With the addition of three new centers, the university is now hosting eight innovative teams.
Hossein Hosseini, the university’s deputy for research and technology, said the tech centers are aimed at promoting entrepreneurship and technological innovation among students and faculty members.
Besides forming innovation centers and attracting tech teams, universities can utilize their scientific edge to help startups.
Such efforts are a synergetic move to advance the tech ecosystems of Tehran and other Iranian cities.
In late January, Sharif University of Technology in Tehran and Astan Quds Razavi, an economic conglomerate in Khorasan Razavi Province, launched an innovation factory adjacent to Ferdowsi University in Mashhad.
The center is specialized in the renovation of medical equipment and clinical devices, which will help save $420 million annually.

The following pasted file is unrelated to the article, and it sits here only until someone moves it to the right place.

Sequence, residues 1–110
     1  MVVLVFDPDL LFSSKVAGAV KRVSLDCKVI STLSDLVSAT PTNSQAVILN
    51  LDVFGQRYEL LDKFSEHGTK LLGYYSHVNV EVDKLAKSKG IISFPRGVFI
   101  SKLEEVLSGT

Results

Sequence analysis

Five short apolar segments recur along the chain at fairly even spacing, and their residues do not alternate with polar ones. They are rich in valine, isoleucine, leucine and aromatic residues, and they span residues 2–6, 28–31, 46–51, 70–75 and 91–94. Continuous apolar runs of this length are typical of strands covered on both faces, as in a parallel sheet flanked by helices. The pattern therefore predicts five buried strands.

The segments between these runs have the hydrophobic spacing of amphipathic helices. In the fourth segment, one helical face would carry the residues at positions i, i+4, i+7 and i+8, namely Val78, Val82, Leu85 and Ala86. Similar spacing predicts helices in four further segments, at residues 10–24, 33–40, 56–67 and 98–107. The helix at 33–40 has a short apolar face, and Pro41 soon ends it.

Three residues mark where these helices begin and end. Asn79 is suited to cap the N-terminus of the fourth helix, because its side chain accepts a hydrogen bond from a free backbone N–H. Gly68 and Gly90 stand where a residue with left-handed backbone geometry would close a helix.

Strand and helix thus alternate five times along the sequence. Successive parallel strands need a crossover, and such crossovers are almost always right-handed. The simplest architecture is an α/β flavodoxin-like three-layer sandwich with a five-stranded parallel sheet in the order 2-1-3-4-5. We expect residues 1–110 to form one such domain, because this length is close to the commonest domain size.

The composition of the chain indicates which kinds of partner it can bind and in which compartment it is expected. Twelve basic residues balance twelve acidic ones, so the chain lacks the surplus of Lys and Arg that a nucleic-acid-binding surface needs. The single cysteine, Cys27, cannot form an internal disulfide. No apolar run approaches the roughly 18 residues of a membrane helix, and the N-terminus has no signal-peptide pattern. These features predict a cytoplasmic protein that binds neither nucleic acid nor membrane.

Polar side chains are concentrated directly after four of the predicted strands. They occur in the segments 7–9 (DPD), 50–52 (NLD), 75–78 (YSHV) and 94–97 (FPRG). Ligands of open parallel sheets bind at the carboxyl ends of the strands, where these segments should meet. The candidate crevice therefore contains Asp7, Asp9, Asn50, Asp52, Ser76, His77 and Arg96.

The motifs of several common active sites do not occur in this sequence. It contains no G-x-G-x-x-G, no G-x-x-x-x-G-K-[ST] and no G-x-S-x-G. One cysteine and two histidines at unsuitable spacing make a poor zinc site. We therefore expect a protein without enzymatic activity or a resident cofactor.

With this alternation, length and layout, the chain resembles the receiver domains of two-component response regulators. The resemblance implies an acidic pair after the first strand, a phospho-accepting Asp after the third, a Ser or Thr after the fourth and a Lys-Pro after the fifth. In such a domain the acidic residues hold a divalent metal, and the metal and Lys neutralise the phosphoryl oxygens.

In addition, Zanjan University of Medical Sciences joined hands with the vice presidential office to invest 320 billion rials ($1 million) in an innovation center to develop unique ideas and commercialize tech-based plans in a wide range of health fields.
Golestan University of Medical Sciences also hosts an innovation center working on health technology, which offers virtual visits for clinical diagnosis and post-treatment support and consultancy.
The center is also providing technical, scientific and commercial assistance to innovative teams and aiding efforts to commercialize their ideas.
Over the past few years, numerous tech parks and innovation factories have been established throughout the country to offer shared workspace and other facilities to tech units.